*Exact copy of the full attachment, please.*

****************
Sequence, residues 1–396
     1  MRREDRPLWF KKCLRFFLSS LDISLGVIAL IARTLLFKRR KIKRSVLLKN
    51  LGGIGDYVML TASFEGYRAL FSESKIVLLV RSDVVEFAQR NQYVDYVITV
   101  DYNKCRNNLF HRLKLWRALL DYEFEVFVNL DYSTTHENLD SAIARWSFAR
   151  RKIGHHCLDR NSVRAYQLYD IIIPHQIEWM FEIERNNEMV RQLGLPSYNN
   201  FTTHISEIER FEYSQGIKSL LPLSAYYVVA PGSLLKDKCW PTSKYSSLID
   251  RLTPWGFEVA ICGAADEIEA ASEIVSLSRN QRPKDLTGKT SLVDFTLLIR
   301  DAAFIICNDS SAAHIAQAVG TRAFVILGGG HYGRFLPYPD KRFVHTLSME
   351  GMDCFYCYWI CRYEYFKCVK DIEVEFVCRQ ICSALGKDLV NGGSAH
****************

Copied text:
Sequence, residues 1–396
     1  MRREDRPLWF KKCLRFFLSS LDISLGVIAL IARTLLFKRR KIKRSVLLKN
    51  LGGIGDYVML TASFEGYRAL FSESKIVLLV RSDVVEFAQR NQYVDYVITV
   101  DYNKCRNNLF HRLKLWRALL DYEFEVFVNL DYSTTHENLD SAIARWSFAR
   151  RKIGHHCLDR NSVRAYQLYD IIIPHQIEWM FEIERNNEMV RQLGLPSYNN
   201  FTTHISEIER FEYSQGIKSL LPLSAYYVVA PGSLLKDKCW PTSKYSSLID
   251  RLTPWGFEVA ICGAADEIEA ASEIVSLSRN QRPKDLTGKT SLVDFTLLIR
   301  DAAFIICNDS SAAHIAQAVG TRAFVILGGG HYGRFLPYPD KRFVHTLSME
   351  GMDCFYCYWI CRYEYFKCVK DIEVEFVCRQ ICSALGKDLV NGGSAH